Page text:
In the salad. After you’ve cooked a large amount of quinoa, let the grain cool, then mix it with fresh vegetables and side dishes for a hearty salad, Syn suggests.

In soup. While you’re simmering broccoli cheddar, chicken noodles, chickpeas, or soup of your choice, add a serving or two of dry quinoa to increase the protein and fiber content of the dish.

In vegetarian burgers. If you have the time and energy to prepare a serving of homemade veggie burgers, quinoa can be a great addition, says Syn. The cereal brings extra fiber into the plant-based dish and helps you get all of the essential amino acids in one meal.

As a filling. Although peppers are usually filled with rice, quinoa can do the job too. Better still, combine cooked quinoa with a protein (think: chicken or tempeh) and then use it as a filling for a baked winter squash, Syn suggests.

As a porridge. When your taste buds are fed up with the granola or oats, add some quinoa to your morning meal. “I like to use it as breakfast porridge, and like oatmeal, quinoa can be made sweet or savory,” says Syn.

This story first appeared on www.shape.com.

(Main and main picture credits: (Photo credit: Enrique Díaz / 7cero / Getty Images)

© 2021 Meredith Corporation. All rights reserved. Licensed from Shape.com and published with permission from Meredith Corporation. Reproduction in any way in any language, in whole or in part, without prior written permission is prohibited.

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Whole Grain Benefits

For the 55-and-over crowd, March 27-April 3, 2022 | Local News

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For information about services available to older adults, contact Pam Jacobsen, director of the Retired and Senior Volunteer Program and Helen Mary Stevick Senior Citizens Center, 2102 Windsor Place, C, at 217-359-6500.

RSVP and the Stevick Center are administered by Family Service of Champaign County.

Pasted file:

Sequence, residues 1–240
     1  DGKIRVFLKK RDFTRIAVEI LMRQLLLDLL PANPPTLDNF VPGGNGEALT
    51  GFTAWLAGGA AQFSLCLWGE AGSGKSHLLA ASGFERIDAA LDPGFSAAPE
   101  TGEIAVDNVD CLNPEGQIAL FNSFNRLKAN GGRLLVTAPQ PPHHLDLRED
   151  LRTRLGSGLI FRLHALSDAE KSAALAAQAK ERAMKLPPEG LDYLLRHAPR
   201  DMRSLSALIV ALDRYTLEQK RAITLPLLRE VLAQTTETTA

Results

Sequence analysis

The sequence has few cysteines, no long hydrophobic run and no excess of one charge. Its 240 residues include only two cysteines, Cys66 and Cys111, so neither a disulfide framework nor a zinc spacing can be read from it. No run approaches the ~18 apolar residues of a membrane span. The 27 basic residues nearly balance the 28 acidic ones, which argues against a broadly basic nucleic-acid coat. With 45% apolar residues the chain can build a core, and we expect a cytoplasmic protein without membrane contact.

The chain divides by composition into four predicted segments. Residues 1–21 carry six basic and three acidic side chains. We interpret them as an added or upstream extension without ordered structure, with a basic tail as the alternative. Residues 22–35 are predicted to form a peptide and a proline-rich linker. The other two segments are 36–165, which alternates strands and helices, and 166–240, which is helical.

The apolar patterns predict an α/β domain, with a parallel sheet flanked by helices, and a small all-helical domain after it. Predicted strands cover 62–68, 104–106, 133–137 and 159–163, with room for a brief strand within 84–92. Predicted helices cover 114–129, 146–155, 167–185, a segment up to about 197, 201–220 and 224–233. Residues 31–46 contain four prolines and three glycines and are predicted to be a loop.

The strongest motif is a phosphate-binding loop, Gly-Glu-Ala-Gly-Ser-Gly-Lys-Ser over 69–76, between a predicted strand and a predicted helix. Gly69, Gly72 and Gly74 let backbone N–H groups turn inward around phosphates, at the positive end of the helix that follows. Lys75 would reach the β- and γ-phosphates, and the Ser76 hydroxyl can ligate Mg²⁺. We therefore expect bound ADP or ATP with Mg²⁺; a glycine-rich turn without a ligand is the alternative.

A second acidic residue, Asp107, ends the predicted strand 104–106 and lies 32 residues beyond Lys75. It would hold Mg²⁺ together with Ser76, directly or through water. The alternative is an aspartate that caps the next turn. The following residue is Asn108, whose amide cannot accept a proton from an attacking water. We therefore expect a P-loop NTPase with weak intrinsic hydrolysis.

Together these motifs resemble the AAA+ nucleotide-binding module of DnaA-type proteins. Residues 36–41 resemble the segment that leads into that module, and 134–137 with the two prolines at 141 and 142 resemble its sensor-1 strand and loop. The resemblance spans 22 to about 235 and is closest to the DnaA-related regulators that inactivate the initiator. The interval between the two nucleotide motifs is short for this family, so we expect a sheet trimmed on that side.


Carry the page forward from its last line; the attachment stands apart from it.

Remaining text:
ANNOUNCEMENTS

  • Active Senior Republicans in Champaign County’s monthly meeting will be held at 9:30 am on April 4 in the Robeson Pavilion Room A & B at the Champaign Public Library. This month’s speakers will be Jesse Reising, Regan Deering and Matt Hausman, Republican primary candidates for the newly redrawn 13th Congressional District.
  • Parkland Theater House needs four ushers each night for “The SpongeBob Musical,” opening April 14. There will be nine shows in total — April 14-16, April 22-24 and April 29-May 1. For details, call or email Michael Atherton, Parkland Theater House Manager, theatre@parkland.edu or 217-373-3874.
  • Parkland College also needs four volunteers for commencement. The commencement ceremony will be in person at Krannert Center for the Performing Arts at 8 pm May 12. Volunteers needed from 6:30 to 8 pm For details, contact Tracy Kleparski, Director of Student Life, at TKleparski@parkland.edu or 217- 351-2206.
  • The Milford High School National Honor Society and Student Council is hosting a Senior Citizens Banquet at 6 pm April 22. The event will be held in the MAPS #124 Gymnasium (park at south doors at Milford High School. To RSVP, call Sandy Potter at 815-471-4213.

STEVICK CENTER ACTIVITIES

Knit or crochet for those in need:

Meditative Movement with Yoga:

  • 9 to 10:15 am Tuesdays and Thursdays.

Bingo:

  • 11 am to noon, second and fourth Tuesdays. Call 217-359-6500.

Bridge:

  • Noon to 3 pm Thursdays.

Euchar:

Card game 13:

  • To sign up to play, call 217-359-6500 and ask for Debbie.

Men’s group:

  • 9 am Monday-Friday. Join us for a cup of coffee and great conversation.

HOT LUNCH PROGRAM

The Peace Meal Nutrition Program provides daily hot lunches at 11:30 am for a small donation and a one-day advance reservation at sites in Champaign, Urbana, Rantoul, Sidney (home delivery only), Mahomet (home delivery only) and Homer.

For reservations, call 800-543-1770. Reservations for Monday need to be made by noon Friday.

NOTE: There is no change for home deliveries, but at congregate sites, you can get a carry-out meal.

Sunday:

  • BBQ pork sandwich, mini potato bakers, corn, creamy cole slaw, bun.

Tuesday:

  • Turkey pot roast with carrots and celery, Italian green beans, pineapple, whole grain roll.

Tuesday:

  • Savory sausage stew, broccoli, chunky apple sauce, biscuit, surprise dessert.

Tuesday:

  • Meatloaf, mashed potatoes and brown gravy, tomatoes and zucchini, apricots, whole-grain roll.

Friday: